• ¼ cup whole cloves

Preheat oven to 325 degrees F (165 degrees C).

Whisk pineapple juice, brown sugar, and dry mustard in a bowl until brown sugar has dissolved.

Place ham in a baking dish with cut side down and arrange pineapple rings and maraschino cherries onto the ham secure with toothpicks if needed. Push cloves into ham and baste ham and fruit with pineapple juice glaze.

Bake in the preheated oven until glaze has baked onto ham, 1 1/2 to 2 hours baste with glaze every 30 minutes.

Broil ham until the glaze forms a crust and the pineapple slices are browned, about 5 minutes.


HAM LOAF WITH BROWN SUGAR GLAZE

I know that many people have never eaten Ham Loaf and are not quite sure what to expect. This was a dish that my mother served frequently when I was growing up. My local grocery store always had this available to buy, so I served it often also when I was first married.

They eventually quit selling it, so we didn’t have it for several years. Ham Loaf is served at Amish restaurants in our area.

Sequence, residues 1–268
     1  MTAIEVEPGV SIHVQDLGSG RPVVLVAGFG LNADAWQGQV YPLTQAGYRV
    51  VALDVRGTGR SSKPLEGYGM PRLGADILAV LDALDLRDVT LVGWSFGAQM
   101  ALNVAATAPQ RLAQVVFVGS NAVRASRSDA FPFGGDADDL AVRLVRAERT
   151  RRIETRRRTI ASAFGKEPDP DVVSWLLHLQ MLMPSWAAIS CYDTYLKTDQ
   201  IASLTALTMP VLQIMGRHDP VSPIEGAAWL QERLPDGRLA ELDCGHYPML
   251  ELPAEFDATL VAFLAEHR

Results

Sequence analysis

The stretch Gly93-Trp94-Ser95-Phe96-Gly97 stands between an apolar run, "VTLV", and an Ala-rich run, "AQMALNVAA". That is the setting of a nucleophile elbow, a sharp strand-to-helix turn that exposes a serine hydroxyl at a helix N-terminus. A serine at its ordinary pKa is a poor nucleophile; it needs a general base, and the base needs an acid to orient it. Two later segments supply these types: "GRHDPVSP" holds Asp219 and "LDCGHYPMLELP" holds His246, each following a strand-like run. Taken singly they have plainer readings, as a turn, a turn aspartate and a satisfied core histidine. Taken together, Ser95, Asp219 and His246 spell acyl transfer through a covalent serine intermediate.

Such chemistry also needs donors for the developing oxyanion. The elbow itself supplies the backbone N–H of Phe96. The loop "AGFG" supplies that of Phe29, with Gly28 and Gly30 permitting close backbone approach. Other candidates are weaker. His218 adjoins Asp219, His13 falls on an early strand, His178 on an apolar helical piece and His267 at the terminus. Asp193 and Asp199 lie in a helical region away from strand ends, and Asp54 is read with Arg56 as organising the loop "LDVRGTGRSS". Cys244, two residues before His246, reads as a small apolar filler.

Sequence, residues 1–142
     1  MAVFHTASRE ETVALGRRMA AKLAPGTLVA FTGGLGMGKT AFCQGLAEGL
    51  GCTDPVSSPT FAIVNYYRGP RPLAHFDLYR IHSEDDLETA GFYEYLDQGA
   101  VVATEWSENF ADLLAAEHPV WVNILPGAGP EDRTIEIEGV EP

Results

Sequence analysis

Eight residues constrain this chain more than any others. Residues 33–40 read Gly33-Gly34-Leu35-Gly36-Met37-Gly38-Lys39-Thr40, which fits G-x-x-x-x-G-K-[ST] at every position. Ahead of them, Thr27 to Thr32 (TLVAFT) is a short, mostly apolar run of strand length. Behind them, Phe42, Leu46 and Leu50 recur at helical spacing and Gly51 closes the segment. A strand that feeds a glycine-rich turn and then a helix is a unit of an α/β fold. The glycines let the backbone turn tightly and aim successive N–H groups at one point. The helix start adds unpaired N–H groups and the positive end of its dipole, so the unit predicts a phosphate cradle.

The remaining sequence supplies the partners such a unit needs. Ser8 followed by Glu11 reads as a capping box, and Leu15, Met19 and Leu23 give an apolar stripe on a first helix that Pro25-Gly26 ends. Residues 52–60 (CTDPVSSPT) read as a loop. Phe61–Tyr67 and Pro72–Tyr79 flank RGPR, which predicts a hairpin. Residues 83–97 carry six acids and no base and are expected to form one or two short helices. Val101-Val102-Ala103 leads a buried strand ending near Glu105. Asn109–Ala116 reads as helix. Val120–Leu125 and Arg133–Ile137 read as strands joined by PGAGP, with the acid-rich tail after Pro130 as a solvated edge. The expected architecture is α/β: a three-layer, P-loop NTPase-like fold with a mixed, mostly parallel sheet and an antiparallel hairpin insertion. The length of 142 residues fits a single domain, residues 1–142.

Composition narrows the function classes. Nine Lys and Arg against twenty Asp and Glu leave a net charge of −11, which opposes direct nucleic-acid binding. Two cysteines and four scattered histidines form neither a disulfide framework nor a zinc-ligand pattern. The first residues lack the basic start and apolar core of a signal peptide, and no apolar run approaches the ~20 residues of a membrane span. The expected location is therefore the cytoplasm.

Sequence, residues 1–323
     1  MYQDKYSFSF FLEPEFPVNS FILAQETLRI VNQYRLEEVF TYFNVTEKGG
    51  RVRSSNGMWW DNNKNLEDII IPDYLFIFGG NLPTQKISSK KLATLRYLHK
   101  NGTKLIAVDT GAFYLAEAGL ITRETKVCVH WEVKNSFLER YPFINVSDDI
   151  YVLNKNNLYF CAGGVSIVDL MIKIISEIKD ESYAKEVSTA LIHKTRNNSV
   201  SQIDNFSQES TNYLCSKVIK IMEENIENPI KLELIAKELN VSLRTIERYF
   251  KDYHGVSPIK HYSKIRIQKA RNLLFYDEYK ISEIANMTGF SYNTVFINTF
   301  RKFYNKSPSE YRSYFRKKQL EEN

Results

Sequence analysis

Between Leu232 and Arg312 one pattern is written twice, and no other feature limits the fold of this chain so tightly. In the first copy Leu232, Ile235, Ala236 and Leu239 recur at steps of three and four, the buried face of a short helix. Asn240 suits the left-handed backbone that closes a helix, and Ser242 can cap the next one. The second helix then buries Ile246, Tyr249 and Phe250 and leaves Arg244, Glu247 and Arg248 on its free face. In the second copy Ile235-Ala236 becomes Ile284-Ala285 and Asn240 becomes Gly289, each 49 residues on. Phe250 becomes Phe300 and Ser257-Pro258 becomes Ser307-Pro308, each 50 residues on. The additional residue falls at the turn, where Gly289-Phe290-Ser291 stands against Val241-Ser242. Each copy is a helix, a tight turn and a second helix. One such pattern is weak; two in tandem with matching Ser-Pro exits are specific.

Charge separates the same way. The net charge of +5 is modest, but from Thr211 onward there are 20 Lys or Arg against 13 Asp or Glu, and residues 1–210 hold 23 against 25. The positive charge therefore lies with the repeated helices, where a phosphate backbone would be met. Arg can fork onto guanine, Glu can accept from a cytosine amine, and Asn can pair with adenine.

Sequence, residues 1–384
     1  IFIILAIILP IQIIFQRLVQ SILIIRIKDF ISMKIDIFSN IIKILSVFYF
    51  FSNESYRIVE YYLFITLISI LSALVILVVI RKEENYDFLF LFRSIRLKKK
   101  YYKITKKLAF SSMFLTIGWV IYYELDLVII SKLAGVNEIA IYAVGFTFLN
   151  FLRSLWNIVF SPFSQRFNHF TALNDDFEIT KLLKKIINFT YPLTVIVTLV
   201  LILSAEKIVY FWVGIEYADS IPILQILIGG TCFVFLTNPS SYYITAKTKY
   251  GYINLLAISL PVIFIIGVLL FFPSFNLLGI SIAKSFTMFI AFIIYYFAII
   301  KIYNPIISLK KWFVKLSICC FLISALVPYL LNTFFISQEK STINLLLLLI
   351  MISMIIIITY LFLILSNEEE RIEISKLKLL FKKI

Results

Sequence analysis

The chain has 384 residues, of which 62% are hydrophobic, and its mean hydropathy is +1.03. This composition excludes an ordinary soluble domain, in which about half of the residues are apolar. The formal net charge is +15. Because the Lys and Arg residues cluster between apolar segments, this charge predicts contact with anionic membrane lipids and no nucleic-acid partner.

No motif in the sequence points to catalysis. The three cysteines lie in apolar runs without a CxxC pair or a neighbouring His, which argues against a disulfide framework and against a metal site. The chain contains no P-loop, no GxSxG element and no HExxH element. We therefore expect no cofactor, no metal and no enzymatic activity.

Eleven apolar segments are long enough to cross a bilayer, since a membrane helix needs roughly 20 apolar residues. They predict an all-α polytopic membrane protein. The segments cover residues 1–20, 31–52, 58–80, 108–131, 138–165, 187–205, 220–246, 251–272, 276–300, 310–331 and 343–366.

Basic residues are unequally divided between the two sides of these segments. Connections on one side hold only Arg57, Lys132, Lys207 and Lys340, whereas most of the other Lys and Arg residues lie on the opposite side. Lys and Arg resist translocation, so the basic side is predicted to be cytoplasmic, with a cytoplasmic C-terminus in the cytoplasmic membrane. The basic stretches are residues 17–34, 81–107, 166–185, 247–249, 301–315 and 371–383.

I decided last week, to try making one myself. My
husband loved it, and I was pleased with it also. It’s a keeper.

A Ham Loaf is basically like a meat loaf but is made with ground pork and cooked ham. My mother liked to make it when we had leftover ham from holidays.

Begin by placing cooked ham cubes in a food processor, and pulse to obtain a finely ground texture.

Place the ground ham and ground pork in a large mixing bowl.

Add the eggs, red and green bell peppers, seasonings, and
stone ground mustard.

Pulse bread in food processor to make fine crumbs.
Add them to meat mixture.

Combine mixture with hands, and form into a loaf.

Place in parchment lined baking pan.